In 2003, India revised its 1999 nuclear doctrine. The draft doctrine of 2003 relied on the principals of No First Use (NFU), Massive Retaliation, and Credible Minimum Deterrence (CMD). Having officially adopted a posture of no first use and assured retaliation, India considered it essential to acquire a capacity for continuous at-sea nuclear deterrence (CASD) to ensure the survivability of its nuclear second-strike capability. Recently, a debate has evolved on the possibility of shift in Indian nuclear doctrine. As India terms its sea-based leg of the nuclear triad as a critical enabler of doctrine of No-First-Use. The potential change in No-First Use policy and adopting the First Use doctrine does not hold logic in this paradigm.

India portrays that it faces a security trilemma due to two-front challenges in terms of security (One being China, other being Pakistan). Furthermore, by camouflaging behind South Asian Naval Nuclear Trilemma, India has plans to continue to enlarge and modernize its SSBN fleet due to alleged threat from China. Such Indian motivations and perceptions vis-à-vis China do not hold ground as Indian military program started before Chinese nuclear tests which were conducted in 1964. In 1963, Homi Bhabha who is considered the father of Indian Nuclear Program wrote to Prime Minister Nehru stating that the Chinese nuclear test will be of no military significance and Chinese possession of a few bombs will not make any difference to the military situation. Also, even when China possesses only 250 nuclear weapons, India has the capability and capacity to produce approximately 2600 nuclear weapons. This capability, if acquired and goes unchecked by the major powers, does not hold ground vis-à-vis regional ambitions. This shows Indian ambitions to opt for blue water navy and global hegemonic ambitions which may pose a serious security threats in future to the U.S. and Russia alike.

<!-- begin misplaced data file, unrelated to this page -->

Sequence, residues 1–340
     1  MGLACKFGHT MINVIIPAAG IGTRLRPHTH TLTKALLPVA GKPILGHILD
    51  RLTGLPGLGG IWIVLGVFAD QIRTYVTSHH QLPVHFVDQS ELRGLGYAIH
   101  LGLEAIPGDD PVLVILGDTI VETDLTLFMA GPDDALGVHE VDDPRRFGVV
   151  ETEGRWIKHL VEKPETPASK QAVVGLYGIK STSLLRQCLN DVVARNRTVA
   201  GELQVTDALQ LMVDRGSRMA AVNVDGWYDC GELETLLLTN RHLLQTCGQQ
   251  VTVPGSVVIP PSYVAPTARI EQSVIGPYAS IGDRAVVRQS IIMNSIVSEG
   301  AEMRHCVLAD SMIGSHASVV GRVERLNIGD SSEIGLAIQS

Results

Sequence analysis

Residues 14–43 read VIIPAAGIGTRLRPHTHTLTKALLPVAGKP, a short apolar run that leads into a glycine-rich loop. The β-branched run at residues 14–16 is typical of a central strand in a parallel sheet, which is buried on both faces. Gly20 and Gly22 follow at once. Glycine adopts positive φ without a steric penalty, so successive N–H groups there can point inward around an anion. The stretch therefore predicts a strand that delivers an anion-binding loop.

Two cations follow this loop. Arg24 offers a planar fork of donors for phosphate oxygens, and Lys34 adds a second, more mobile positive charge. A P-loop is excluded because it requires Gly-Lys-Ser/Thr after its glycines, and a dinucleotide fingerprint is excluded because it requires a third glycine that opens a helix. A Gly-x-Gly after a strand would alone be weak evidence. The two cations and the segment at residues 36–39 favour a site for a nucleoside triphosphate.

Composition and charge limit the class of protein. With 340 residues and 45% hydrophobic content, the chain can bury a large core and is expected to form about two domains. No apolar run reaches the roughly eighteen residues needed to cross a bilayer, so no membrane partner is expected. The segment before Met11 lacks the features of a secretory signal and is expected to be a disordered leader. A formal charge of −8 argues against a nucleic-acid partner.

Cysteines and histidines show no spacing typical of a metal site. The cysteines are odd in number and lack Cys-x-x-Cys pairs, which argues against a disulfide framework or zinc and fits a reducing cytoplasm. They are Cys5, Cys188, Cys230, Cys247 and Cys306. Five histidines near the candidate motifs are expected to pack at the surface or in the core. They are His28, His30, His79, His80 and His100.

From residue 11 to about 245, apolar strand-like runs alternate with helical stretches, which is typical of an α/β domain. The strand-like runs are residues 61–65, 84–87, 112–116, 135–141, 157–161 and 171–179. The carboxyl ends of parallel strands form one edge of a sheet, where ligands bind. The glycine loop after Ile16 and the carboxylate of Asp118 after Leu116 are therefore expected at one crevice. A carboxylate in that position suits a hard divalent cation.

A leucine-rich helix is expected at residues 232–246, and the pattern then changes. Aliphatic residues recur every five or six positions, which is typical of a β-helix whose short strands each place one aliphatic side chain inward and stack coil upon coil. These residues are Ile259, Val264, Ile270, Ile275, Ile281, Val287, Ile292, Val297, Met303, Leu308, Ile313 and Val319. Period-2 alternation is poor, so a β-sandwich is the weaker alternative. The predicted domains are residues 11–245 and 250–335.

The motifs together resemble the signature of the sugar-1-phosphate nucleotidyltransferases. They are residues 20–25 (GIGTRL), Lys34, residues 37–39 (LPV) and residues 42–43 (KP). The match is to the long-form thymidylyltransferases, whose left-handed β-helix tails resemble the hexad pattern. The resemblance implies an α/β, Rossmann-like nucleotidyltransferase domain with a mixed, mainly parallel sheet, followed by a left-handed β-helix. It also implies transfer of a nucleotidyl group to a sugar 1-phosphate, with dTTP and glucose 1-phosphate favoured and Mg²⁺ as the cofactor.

India, China and Pakistan security calculus cannot be seen in isolation from the role of the U.S. in the region. U.S. considers India as a major defence partner, providing it a bigger role in the Asia-Pacific. The Logistics Exchange Memorandum of Agreement (LEMOA) between U.S. and India, coupled with Defence Technology and Trade Initiative (DTTI) which permits both India and the U.S. military forces to use each other’s bases and other infrastructure, can antagonize China and affect the Balance of Power in the region. Therefore, this situation can be termed as India, China Pakistan, U.S. Nuclear Quadrangle.